Welcome home, dear books and papers!

Who could imagine that such a sight would make my heart flutter?

Those of you who have been following the continually unfolding saga of my protracted international move will understand how exciting it was for me when, last month, nine boxes of my most precious books and papers arrived in France.

I was lucky to be able to arrange for them to travel overseas in a shipping container that arrived in Le Havre and then made its way to a town only about a half an hour from where I am now living.

How lucky is that? Very lucky.

One of the things we discuss in our book are the pros and cons of putting things in storage lockers. The “cons” are pretty well known. (Out of sight out of mind. Paying to store things for years, then throwing them all away in the end. And so on.)

But there are some “pros” too.

And one of them is being able to get a few boxes of your most precious books and papers home again.

Reunited with some of my best book friends. What joy!!

Earlier this week I saw one of my sons off to a new teaching assistant post he will be doing in Lille. And I was able to give him one of a series of books that had comforted him when he was little and he had had a bad day, along with a note about how I hope most of his days will be good be ones, but for those bad days that inevitably come along for all of us, he could do worse than to reread one of Rosemary Wells’s wonderful Bunny Planet books.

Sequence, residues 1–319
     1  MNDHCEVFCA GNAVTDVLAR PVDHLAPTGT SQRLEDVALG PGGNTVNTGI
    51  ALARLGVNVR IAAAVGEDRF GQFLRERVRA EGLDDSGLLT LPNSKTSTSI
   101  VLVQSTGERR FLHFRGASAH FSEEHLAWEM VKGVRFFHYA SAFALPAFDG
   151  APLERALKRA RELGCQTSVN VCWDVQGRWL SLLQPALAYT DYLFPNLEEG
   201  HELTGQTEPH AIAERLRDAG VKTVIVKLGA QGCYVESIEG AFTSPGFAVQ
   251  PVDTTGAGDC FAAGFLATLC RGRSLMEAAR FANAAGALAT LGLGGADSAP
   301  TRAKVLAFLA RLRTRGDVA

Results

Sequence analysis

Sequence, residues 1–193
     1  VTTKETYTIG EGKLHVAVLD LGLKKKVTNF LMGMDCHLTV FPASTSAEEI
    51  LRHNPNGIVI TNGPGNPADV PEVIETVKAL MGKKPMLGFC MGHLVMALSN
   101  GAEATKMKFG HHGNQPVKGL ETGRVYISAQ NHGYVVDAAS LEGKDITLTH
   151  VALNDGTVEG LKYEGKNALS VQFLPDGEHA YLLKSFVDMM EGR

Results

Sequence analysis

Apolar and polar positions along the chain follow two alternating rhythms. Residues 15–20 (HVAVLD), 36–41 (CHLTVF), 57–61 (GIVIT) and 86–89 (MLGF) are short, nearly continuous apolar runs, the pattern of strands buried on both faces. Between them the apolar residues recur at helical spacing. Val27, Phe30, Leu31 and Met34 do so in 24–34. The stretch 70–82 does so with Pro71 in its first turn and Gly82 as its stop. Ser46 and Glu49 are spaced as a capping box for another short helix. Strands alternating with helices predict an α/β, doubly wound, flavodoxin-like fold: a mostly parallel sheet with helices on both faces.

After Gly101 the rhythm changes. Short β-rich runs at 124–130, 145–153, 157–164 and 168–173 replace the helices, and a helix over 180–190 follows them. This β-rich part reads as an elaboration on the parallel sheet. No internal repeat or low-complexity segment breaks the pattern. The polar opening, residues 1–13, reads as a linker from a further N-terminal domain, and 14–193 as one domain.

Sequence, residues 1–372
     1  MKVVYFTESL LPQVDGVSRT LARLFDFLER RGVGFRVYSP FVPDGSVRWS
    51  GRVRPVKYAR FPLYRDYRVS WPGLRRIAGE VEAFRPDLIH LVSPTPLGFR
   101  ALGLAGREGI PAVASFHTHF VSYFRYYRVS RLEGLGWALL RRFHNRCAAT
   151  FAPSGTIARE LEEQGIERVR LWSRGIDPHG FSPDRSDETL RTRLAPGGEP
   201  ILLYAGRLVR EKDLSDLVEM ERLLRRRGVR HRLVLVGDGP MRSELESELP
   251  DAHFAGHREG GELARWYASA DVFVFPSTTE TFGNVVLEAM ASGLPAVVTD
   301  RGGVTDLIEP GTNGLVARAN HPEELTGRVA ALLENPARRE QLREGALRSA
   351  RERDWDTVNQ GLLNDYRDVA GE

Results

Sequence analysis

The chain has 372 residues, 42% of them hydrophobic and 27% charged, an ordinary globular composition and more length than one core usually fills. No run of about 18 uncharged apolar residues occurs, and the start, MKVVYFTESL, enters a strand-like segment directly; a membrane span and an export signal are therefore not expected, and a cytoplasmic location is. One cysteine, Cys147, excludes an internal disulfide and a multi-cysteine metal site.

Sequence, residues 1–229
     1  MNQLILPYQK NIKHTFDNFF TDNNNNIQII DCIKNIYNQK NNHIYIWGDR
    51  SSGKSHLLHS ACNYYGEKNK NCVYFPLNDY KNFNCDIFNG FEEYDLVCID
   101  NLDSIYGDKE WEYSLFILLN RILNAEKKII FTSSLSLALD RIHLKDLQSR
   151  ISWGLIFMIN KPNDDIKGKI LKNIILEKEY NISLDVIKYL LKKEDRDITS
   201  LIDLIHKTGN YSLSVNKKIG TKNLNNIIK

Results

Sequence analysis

Could I have simply bought the book again? Well yes, I suppose I could have.

But I would not have necessarily thought to do that.

The beauty of my books having joined me in my home once again is that as I was thinking about what kind of inspiring farewell message to share with my son on this, his latest adventure, all I had to do was turn to my bookshelves and light upon my beautiful little Bunny Planet trilogy.

And I knew that was the right gift for him.

I’ve decided that for me, feeling silly and/or guilty about my long-term storage locker situation is over. It’s a necessity of my life, and I’m not alone in it.

One day that locker will be emptied. I’m no longer trying to figure out when.

I’m just working on getting things out of it bit by bit. And trying to not rush the process. Because the number-one piece of advice in our book is to “Take Your Time.”

And that’s good advice! 🙂


Janet Hulstrand
 is a writer, editor, writing coach, and teacher. She is coauthor of Moving On: A Practical Guide to Downsizing the Family Home and author of Demystifying the French: How to Love Them, and Make Them Love You

What Most Of Us Learned In Kindergarten—Or Should Have, Anyway